10 medical residents recount the heartbreak of their toughest patient cases

By Kristen Fuller, MD | Fact-checked by MDLinx staff
Published March 28, 2023

Key Takeaways

In medical school and residency, we're taught to become “experts” at evaluating, diagnosing, and formulating treatment plans for our patients. On the job, we learn to navigate the “difficult stuff”—the social aspects of a patient’s case, family dynamics, end-of-life cases, patients who are uncooperative, mistrusting, drug-seeking, or suicidal.

These are the patients we lose sleep over, the ones who break our hearts, and the ones who make us question our decision to enter into medicine in the first place. These challenging patients are our most excellent teachers, if we allow them to be. 

We asked residents what their most challenging cases were, and what they learned from them. Here’s what they had to say.

Doctor talking to upset-looking patient

End-of-life conversations with family

Tina Yang, DO: "There have been many challenging patients, but the most difficult encounters are having to explain to patients' loved ones and family members how they went from 'well and functional' to now being dead."

"It has taught me how to direct these conversations, and how difficult it can be for families to grasp the idea that their loved one has passed. "

Tina Yang, DO, NewYork-Presbyterian Queens


Patients who don't want to live

Y Paul, MD: "Sometimes there are no 'right' answers in medicine. On our burns rotation, we often had patients who tried to commit suicide via burning. These patients would be 'saved,' meaning they were committed to months, sometimes years, of painful medical procedures despite wanting to have ended their lives in the first place.

"One patient with over 80% burns fit this story, and I assumed care on his second or third skin graft. As his status worsened, I felt more morally conflicted about what we were doing to him each time. His next-of-kin lived out of the country, and had no idea what “doing everything for him” meant—she just wanted full court press despite his futile state."

"There is an underlying expectation of saving all lives, but it’s important to understand the consequences of that, and sometimes allowing patients to go with dignity is more important. "

Y Paul, MD

Female patient holding hands with male, consulting with doctor

A preterm baby, and the ethics of a DNR

Gurinder Kumar, MD: "I remember a preterm baby with multiple anomalies whose parents did not want to sign the 'do not resuscitate' form. We had to manage this challenging baby and later involve the ethics committee to solve this issue."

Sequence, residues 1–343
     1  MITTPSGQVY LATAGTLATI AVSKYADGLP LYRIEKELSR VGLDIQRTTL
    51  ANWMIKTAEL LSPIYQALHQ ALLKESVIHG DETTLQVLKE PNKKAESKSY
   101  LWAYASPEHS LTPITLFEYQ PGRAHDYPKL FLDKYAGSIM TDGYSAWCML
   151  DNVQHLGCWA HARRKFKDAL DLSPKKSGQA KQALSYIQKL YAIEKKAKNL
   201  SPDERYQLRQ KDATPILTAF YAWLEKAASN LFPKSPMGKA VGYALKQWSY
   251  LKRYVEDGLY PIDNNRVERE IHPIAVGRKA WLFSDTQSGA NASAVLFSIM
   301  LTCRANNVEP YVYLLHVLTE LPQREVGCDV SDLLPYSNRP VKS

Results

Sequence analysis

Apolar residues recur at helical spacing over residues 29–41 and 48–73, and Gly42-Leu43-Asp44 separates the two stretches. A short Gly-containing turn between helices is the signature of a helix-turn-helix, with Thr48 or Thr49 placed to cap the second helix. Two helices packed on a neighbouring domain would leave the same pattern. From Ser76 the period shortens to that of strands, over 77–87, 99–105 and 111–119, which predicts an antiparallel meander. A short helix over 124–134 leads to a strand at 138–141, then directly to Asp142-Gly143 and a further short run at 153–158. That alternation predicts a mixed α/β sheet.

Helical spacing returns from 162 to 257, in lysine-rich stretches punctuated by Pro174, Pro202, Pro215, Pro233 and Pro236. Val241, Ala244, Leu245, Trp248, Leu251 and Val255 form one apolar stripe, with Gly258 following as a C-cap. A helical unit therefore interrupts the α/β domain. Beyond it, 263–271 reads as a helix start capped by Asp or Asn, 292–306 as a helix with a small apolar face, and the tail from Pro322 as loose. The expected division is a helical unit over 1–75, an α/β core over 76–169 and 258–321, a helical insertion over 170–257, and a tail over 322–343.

"This case taught me that while managing patients, we need to have a holistic approach, think of ethical issues, and solve the patient's physical issues."

Gurinder Kumar, MD, Metrohealth Medical Center, Cleveland, Ohio


Patients who mistrust the medical system

Shane Michael Hagen, MD: “One of my most challenging encounters was dealing with a patient needing a lumbar puncture to evaluate encephalopathy. This patient was hesitant to receive our services as they had previously dealt with discrimination in the medical system. I sympathized with this patient, and through providing easy-to-understand information, formed a bond that allowed me to stress the need for this procedure."

"Our patients' decisions are frequently a result of past interactions with medical professionals. Forming a bond with them can allow the trust to develop. "

Shane Michael Hagen, MD, Baptist Memorial Hospital, Memphis, Tennessee

Other challenging patient experiences

Anonymous—"Covid 19, the first fatality I encountered with one of my young patients. Taught me that life is fleeting and nothing lasts forever."

Gaurav Patel, MD—"Losing a patient I really liked. Learned to control my emotions better."

Adil Mohamed, MD —"Suicidal patients, it taught me to love my live." 

Nikhila Gandrakota, MBBS, MPH—"Convincing a patient who thought she had an MS flare but did not have it. Patients being upset is understandable but when they are illogical it gets hard."

Morgan Whitson–"Discussing goals of care with family when patient suddenly lost capacity, which taught me that it is important to always have a QOL discussion with loved ones while they’re healthy."

Olivia Sutton, MD—"The death of a patient because the hospital had no blood available to transfuse. It taught me that limits do exist outside of academia."

Parting thoughts

Are we ever fully prepared to deal with these difficult and often heartbreaking cases? Some of our most significant challenges are patients and their loved ones who need the most empathy, kindness, and care we can offer.

Over time, we may become more poignant with our words, but we may also find ways to bury our feelings and traumas associated with these difficult cases, which can leave us calloused and jaded.

By taking the time to take care of ourselves, reflect on these cases, and share our experiences, we can continue to show up and walk alongside our patients as they navigate difficult journeys.

Every medical resident has a question to ask and a story to tell—a comical moment, a prickly patient encounter, or a hack for staying sane during residency. We survey medical trainees for their best questions and answers and bring them to you in this column. Engaging, enlightening, and entertaining—from resident to resident!

Read Next: Paying it forward: My life as a physician-mentor
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